More than 100 years ago Florence Nightingale suggested a health-related outcome measure for her patients: relieved, unrelieved and dead. Despite the developments in medical technology since then, attempts to measure the positive outcomes of health care have been slow in coming.
An important step forward was made in 2009 when the English NHS began collecting patient-reported outcome measures (PROMs) for four elective procedures. Using a series of structured questions that ask patients about their health from their point of view, PROMs are intended to enable the patient perspective to inform decision-making at all levels of the NHS.
Evaluating the outputs of health care services is not straightforward as services must be looked at in terms of their effects and not simply 'added up' to measure what is produced.
Traditional clinical ways of measuring health and the effects of treatment are increasingly accompanied by PROMs. Although it is argued PROMs should supplement, rather than replace, existing measures of quality and performance, they are likely to become a key part of the way health care is funded, provided and managed.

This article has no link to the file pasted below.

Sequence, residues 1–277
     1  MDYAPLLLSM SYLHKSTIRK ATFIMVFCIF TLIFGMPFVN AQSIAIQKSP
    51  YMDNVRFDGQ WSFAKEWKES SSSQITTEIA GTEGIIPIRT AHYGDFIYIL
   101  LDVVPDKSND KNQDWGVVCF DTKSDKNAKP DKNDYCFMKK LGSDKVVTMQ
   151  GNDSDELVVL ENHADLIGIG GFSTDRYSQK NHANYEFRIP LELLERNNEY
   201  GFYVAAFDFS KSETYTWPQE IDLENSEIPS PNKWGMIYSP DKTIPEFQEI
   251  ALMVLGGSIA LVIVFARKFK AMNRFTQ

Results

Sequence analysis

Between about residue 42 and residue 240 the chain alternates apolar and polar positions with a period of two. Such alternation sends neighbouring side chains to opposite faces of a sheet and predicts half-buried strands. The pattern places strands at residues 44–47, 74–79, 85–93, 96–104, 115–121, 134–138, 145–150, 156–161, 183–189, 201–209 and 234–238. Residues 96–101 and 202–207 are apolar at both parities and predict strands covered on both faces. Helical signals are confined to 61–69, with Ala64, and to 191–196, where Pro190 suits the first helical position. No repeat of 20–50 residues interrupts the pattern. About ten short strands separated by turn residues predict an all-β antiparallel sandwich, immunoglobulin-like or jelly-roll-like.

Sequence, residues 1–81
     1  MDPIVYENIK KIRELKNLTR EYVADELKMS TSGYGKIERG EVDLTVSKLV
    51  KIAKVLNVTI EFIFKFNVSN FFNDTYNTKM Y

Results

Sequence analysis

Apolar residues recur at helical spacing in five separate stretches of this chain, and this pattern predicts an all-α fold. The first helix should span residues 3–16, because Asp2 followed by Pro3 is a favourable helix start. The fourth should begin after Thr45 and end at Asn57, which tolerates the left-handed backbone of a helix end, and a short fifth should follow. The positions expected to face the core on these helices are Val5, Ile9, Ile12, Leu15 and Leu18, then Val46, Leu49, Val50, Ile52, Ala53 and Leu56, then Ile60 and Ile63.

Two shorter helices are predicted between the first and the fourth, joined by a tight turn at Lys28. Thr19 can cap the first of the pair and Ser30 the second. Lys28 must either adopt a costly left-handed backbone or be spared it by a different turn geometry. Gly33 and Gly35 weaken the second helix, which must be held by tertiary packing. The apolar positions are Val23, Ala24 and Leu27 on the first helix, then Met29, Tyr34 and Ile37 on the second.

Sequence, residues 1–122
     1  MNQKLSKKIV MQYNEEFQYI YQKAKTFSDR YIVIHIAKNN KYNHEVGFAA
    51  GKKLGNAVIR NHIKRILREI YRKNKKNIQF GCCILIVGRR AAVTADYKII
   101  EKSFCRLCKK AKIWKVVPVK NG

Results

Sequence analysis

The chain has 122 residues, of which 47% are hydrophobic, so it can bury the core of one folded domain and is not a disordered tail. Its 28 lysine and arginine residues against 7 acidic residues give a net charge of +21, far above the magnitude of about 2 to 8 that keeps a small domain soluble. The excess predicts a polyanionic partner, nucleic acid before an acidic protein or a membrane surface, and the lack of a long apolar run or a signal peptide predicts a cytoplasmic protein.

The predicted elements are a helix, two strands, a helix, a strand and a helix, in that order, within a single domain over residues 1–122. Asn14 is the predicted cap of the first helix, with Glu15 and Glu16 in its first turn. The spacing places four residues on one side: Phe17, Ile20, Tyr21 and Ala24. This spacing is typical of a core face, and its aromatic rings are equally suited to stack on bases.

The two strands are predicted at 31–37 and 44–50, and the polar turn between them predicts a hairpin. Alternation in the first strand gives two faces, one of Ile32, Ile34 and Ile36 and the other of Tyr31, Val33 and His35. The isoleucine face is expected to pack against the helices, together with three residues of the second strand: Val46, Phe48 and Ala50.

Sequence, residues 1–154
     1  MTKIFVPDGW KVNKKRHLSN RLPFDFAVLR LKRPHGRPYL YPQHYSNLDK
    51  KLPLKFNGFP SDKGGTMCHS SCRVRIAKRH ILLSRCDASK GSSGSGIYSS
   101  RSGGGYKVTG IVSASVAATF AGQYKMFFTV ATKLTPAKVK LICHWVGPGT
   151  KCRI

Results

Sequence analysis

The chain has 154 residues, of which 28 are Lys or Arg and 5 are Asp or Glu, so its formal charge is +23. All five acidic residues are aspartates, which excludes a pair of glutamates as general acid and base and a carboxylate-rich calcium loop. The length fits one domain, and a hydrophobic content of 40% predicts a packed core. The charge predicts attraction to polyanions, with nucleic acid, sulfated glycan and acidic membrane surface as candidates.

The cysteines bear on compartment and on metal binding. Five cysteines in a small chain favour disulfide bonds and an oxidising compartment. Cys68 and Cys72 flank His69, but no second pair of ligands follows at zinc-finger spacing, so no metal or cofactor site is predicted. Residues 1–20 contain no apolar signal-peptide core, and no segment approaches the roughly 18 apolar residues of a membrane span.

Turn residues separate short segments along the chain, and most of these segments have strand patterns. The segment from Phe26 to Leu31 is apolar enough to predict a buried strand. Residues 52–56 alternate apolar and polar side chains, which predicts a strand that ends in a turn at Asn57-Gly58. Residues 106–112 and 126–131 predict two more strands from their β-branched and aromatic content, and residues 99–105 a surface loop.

The aim of this report is to provoke and encourage thinking about the wide range of ways in which PROMs data can be used to inform decisions. It draws on Bupa's example to discuss how providers can use PROMs data to improve clinical performance. It also offers practical advice for commissioners in using PROMs data to assess value for money and decide how to purchase health care systems.
As nearly one-fifth of UK government spending is on health and with financial challenges facing the NHS, it is important to be able to answer questions about the value and outcome of services. The report concludes by showing how measuring outcomes from the patient perspective has the potential to lead to important improvements in service delivery and patient health.
While PROMs have the potential to transform health care, the way the data are analysed and the costs of collecting, processing and reporting must be considered alongside the benefits of this new information.
Ultimately, whether the NHS gets the most out of PROMs depends on the willingness of decision-makers to make tough decisions about services that are ineffective and to promote practices that benefit patients the most.